Greenpeace recently announced that it is starting a 40-day project that affects 50 countries as part of an expedition with the goal of preserving the forests of the Carpathian Mountains. The organisation noticed tremendous degradation from satellite imaging in 2022, as stated in a recent press release.
The organisation set up a team consisting of local and regional experts and also civilian volunteers. The teams are going to visit Romania, Ukraine, Hungary, Slovakia and Poland, with the goal of raising awareness and emphasising that stricter regulations are required in the defence of Europe’s
last remaining old and untouched forests.
During the trip, members of the team will take photos, record videos and draw up reports about the remaining forests of the Carpathian Mountains and the weaknesses of environmental protection.
The Hungarian station of the tour will be the Mátra, which is part of the Carpathian Mountains. Members of the expedition arrived at the location on 30 May, to assess the status of the forests in the area, and to meet with Hungarian foresters and ecologists.
Katalin Rodics, the biodiversity campaign coordinator of Greenpeace Hungary, stated that the forests that still remain in the Carpathian Mountains are the natural habitat of a countless number of wild animals, flora, contain an immense amount of coal, hold water back, provide defence from floods and against other natural disasters,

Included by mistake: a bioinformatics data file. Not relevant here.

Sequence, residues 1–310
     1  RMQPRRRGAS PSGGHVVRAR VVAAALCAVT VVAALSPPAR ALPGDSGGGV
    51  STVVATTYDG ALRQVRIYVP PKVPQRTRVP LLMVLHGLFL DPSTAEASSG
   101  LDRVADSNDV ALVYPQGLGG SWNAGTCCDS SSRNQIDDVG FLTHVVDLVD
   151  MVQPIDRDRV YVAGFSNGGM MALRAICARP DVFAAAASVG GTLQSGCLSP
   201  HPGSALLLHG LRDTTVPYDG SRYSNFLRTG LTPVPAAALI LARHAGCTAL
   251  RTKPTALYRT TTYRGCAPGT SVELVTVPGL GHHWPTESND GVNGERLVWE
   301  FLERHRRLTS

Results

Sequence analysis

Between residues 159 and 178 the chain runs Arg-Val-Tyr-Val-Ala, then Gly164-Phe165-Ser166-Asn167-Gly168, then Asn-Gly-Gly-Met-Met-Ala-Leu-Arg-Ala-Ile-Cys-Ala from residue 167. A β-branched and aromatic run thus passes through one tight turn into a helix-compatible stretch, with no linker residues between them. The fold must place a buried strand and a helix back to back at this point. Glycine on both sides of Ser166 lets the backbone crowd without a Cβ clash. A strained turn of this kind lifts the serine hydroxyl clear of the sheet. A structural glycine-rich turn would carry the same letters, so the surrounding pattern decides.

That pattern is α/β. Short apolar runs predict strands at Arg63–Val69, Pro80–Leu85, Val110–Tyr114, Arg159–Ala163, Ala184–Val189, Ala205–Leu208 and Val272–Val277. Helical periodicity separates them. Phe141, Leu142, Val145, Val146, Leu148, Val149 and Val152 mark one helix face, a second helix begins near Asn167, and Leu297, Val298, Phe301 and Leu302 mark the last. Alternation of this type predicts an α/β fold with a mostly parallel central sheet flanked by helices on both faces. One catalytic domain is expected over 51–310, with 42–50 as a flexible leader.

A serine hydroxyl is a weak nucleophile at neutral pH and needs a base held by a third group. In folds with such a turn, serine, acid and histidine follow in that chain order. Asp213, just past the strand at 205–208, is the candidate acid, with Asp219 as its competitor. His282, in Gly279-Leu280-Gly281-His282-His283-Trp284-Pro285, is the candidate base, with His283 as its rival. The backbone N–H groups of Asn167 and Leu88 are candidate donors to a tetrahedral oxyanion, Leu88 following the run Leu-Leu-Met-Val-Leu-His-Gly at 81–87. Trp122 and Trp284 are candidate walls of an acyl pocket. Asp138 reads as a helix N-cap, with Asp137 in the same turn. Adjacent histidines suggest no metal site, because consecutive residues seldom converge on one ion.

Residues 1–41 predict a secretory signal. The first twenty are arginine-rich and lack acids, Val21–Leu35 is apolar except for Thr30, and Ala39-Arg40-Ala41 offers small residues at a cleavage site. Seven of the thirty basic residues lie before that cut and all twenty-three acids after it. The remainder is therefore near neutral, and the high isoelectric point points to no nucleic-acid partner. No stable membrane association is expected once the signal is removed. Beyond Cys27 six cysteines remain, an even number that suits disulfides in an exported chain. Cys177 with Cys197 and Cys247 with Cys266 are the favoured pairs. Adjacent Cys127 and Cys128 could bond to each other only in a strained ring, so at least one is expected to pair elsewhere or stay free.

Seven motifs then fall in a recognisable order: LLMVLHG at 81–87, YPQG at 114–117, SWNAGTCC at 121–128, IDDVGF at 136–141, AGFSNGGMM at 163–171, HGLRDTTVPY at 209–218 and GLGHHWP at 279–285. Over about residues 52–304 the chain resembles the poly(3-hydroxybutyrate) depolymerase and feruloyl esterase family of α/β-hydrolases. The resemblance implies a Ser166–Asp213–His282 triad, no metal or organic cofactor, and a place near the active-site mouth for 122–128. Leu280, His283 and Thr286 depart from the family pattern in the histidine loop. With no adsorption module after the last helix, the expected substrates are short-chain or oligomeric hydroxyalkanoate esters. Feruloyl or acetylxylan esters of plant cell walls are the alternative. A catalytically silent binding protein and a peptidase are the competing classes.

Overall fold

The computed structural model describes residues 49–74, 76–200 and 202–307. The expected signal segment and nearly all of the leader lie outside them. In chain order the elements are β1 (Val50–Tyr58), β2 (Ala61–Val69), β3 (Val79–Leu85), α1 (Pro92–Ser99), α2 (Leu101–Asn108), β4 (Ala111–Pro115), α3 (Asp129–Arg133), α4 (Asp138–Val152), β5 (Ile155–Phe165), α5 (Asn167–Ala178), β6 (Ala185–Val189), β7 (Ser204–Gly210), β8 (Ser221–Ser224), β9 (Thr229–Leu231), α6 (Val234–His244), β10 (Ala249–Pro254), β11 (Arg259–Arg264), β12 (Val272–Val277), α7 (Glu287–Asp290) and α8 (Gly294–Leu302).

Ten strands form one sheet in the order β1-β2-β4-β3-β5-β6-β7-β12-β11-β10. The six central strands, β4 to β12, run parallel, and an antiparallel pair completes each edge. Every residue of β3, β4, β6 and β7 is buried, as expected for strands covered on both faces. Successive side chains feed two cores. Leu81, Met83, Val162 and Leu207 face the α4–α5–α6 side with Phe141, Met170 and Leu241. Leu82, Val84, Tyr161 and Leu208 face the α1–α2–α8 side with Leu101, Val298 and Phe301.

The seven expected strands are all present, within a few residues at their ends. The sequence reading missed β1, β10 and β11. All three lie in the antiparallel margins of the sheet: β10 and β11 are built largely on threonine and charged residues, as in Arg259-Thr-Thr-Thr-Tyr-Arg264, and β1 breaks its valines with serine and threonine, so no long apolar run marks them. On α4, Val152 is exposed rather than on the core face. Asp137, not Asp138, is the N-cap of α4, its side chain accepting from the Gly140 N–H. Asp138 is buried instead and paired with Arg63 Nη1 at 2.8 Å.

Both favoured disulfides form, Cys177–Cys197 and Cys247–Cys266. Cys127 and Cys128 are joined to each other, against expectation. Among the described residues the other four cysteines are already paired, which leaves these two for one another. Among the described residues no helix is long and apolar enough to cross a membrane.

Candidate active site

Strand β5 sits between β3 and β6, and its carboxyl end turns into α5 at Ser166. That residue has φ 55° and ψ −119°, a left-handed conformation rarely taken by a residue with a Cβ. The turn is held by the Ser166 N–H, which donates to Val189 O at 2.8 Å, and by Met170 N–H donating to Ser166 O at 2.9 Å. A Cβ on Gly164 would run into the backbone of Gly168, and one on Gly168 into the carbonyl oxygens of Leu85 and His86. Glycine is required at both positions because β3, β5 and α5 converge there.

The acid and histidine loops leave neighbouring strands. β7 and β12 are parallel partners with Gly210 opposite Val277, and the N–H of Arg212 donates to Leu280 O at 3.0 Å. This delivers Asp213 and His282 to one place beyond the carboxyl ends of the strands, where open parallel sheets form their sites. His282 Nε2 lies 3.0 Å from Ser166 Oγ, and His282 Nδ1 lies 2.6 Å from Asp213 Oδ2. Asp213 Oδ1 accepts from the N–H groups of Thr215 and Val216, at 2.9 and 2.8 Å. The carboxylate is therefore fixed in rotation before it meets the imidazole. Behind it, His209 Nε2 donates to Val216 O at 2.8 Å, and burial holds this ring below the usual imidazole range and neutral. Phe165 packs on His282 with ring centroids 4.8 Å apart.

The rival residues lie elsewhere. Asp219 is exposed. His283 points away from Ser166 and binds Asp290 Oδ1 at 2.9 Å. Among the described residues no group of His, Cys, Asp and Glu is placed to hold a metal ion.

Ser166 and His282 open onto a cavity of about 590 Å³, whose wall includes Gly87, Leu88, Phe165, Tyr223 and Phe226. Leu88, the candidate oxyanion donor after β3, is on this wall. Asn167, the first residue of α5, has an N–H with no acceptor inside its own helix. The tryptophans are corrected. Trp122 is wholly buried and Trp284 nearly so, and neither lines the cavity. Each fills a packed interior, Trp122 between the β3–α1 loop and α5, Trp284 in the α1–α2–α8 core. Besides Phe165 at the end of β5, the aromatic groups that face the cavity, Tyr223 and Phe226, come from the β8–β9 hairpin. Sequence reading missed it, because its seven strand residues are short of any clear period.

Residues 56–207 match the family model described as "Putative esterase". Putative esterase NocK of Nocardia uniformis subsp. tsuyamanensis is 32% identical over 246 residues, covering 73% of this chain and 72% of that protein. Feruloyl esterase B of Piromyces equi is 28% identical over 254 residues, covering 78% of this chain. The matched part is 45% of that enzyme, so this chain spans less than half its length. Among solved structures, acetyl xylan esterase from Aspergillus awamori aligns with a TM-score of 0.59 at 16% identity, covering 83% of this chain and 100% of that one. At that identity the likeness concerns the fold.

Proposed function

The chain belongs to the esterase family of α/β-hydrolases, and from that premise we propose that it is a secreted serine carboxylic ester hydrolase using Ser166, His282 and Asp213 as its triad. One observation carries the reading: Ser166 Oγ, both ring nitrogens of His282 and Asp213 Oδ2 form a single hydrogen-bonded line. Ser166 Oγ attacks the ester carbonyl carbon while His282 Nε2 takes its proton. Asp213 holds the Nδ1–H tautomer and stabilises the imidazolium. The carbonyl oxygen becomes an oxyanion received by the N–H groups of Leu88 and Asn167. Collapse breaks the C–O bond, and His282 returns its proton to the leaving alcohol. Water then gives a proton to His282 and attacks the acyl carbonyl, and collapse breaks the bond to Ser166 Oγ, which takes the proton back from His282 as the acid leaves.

and yet they are being continuously destroyed.
She added that there is a need for a cooperation in the European Union to preserve these valuable habitats.
Greenpeace’s report based on satellite imagery analysis revealed that profit-oriented, production-focused forest management is taking place in much of the Carpathian Mountains. Only 3 per cent of the vital forest habitats are areas without logging, while in the rest of the area, an average of over five football fields of forest disappears every hour.
According to Greenpeace’s calculations, if the destruction continues at the current pace, 20 per cent of the remaining forest cover will vanish by 2050. Therefore, the environmental and nature conservation organisation has launched an international campaign combined with a petition, with the expectation that the European Commission and national authorities will urgently develop a cross-border action plan and ensure the necessary EU financial resources for its implementation.